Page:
Yes, I have several leaders who would be happy to be a Cubmaster. Our entire committee would be happy to double as Pack Committee. We could probably manage a Den Leader or two. Hmmm, let’s see. What’s missing… Oh yeah! Boys! None in the Chartering church. The few prospects in the neighborhood are all registered at nearby Packs. The previous Cubmaster quit without a word. I no longer even have her name. She was supported, mostly by me predecessors in my troop. At the time I was a Tiger cub Dad, who was willing and able to sign on as a leader. She never even registered my son with the council. Oddly enough, the Pack Committee thought there was good communication until she left. Most of them are still part of our unit. No, I don’t think there’s much to be salvaged here. I’ll try to get our remaining Scouts through their Eagle, and then I think it’s time to close up shop. At least for this tired, old disillusioned old Scouter.
Based on not having a feeder Pack, my best “new” idea is for you to make an obvious differentiation between your Troop and the others close by. Become the water activity troop (canoe, kayak, waterboard, swim, etc.), or winter-sports (depending on location), or zero car-camping troop with hiking and backpacking the focus, or make gourmet cooking your unit’s deal (food goes a long way). Something different. No feeder, same program; you are probably right and living on borrowed time. Wishing you the best. YiS.
Well, thank you. I do appreciate you giving our situation some thought. I like your idea of differentiating. I’ve been contemplating this for some time, but I haven’t quite hit on the right thing. It would have to be a big thing for my Scouts, and that’s what I haven’t hit on yet. I’ll give it some more effort, based on your rec. Thank You.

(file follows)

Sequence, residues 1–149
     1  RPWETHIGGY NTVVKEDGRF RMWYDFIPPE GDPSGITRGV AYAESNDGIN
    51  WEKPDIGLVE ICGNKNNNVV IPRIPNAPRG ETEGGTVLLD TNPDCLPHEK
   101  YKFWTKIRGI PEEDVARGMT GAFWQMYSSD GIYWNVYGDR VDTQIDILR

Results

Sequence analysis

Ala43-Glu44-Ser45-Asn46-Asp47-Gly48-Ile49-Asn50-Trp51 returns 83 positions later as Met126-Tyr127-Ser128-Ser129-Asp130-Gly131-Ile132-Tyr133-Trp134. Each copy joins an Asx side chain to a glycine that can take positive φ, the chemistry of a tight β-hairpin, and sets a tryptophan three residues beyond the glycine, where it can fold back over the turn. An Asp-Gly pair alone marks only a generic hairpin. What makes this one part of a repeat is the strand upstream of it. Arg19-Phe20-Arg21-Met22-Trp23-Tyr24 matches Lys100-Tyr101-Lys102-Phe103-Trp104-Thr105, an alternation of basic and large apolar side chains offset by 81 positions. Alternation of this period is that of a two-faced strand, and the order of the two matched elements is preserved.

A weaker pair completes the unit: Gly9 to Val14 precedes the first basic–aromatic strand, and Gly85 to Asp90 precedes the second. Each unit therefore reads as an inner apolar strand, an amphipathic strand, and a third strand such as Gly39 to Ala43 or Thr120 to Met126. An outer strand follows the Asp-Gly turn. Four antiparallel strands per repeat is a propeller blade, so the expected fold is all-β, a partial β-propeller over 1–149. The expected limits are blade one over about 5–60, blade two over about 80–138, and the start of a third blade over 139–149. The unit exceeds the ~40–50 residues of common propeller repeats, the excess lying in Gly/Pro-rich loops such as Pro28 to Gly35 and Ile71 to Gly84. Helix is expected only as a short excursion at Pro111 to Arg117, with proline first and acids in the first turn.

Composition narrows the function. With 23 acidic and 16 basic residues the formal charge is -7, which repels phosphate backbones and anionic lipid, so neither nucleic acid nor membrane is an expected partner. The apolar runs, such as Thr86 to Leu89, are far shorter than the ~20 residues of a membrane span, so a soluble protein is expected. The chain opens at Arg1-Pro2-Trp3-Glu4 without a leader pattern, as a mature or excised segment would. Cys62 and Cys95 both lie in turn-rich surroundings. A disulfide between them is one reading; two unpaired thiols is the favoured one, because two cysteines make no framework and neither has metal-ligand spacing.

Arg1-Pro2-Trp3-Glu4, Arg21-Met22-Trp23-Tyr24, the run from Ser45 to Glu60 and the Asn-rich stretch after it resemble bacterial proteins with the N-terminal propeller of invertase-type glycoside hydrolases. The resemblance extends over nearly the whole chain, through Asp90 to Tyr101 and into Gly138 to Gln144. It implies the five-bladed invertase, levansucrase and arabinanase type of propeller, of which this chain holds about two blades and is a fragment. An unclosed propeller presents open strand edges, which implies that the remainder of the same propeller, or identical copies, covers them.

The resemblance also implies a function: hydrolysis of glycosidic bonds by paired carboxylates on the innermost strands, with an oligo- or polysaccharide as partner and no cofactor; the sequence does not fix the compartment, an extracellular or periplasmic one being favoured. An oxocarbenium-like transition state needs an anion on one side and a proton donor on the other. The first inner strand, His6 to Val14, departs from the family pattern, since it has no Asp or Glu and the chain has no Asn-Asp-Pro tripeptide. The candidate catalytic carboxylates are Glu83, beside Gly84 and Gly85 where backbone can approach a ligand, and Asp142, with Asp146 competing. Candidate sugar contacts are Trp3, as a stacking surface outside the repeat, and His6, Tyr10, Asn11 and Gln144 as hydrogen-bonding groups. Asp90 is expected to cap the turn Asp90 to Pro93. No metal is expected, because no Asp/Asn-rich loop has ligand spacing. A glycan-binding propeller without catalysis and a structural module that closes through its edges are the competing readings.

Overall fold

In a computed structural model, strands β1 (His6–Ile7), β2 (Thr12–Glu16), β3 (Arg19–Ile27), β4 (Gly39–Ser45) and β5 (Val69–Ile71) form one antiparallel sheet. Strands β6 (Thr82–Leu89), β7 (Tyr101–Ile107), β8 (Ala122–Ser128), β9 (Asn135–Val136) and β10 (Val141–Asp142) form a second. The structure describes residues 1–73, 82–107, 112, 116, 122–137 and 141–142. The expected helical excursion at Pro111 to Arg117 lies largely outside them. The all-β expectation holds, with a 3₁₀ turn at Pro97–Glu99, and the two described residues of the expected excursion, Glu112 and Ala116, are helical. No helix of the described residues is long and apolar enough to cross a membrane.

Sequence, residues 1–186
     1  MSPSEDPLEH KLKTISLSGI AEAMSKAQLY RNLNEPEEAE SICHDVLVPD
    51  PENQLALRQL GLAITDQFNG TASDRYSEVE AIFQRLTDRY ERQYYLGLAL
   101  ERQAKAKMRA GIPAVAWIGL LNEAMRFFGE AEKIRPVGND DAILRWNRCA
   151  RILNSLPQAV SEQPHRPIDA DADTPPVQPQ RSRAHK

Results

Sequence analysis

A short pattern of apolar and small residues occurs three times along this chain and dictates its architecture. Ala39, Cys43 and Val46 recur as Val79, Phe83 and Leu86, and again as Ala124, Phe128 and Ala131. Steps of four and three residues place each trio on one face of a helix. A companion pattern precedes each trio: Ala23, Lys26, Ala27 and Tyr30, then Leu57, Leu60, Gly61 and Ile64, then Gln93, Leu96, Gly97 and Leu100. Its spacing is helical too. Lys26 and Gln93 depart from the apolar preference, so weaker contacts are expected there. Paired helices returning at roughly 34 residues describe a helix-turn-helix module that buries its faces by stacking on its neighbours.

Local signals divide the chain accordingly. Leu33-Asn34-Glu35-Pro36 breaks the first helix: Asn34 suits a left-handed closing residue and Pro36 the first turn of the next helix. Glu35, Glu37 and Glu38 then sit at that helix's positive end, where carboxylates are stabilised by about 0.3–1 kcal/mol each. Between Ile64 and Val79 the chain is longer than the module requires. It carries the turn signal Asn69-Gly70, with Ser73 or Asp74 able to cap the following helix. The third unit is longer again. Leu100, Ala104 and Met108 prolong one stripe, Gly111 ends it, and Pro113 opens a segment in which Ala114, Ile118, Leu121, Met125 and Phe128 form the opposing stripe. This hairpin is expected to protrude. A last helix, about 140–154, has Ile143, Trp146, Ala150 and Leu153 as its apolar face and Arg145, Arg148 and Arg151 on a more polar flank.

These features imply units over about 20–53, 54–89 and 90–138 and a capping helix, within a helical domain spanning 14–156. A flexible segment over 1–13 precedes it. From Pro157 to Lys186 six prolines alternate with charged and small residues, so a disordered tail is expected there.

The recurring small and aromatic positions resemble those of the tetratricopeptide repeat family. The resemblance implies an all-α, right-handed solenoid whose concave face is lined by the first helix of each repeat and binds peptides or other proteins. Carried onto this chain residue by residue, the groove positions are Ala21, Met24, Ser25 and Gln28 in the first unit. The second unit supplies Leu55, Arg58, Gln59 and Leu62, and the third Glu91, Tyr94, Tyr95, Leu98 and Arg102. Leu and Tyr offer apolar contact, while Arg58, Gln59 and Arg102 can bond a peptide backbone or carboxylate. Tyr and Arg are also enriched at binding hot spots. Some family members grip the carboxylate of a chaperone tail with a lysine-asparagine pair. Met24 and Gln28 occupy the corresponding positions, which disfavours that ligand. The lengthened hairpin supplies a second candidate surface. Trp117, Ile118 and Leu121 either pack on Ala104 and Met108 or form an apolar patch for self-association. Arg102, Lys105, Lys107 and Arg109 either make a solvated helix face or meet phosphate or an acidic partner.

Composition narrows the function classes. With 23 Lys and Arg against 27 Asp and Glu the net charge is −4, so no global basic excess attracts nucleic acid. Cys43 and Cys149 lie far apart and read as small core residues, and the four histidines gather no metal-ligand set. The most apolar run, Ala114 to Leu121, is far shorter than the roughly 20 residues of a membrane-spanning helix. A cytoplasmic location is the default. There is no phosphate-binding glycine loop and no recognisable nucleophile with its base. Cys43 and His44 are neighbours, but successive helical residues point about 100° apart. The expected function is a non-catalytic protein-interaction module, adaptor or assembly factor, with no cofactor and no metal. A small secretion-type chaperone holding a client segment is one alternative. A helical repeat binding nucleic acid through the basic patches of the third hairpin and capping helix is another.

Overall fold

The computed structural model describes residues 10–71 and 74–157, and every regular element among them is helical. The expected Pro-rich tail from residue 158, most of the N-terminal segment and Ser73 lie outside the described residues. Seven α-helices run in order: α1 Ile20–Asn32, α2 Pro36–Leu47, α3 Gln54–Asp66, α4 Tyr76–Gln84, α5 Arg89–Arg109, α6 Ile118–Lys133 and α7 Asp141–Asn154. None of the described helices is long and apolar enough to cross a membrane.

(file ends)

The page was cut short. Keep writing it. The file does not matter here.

Eric, does your District Exec have a list of schools and the the Troops that they are assigned to? Making a concentrated effort into schools that have little or no packs assigned to them could be the ticket to your “no boys” problem
I think think a very important point is the youth owning the program. As William “Green Bar Bill” Hillcourt wrote in the 3rd edition SM Handbook, “Train ’em. Trust ’em. LET THEM LEAD!”
I have found that when Scouts and Venturers take ownership of the unit, when they feel truly responsible and are implementing the program they want,when adults get out of the way and let the Scouts and Venturers take charge, the unit will succeed.
I agree Nahila, if a Boy Scout Troop is just a continuation of Cub Scouts where the Adults are leading everything and calling the shots they get bored
I’m interested in learning about proven methods for Crews to recruit new members. We have tried holding a recruiting event (nobody showed up despite plenty of publicity), and our current members say that none of their friends are interesting in joining. We used to attract dual members from a local Troop, but that connection has dried up (unclear why). Other local Troops seem to be afraid that we’ll steal their older members.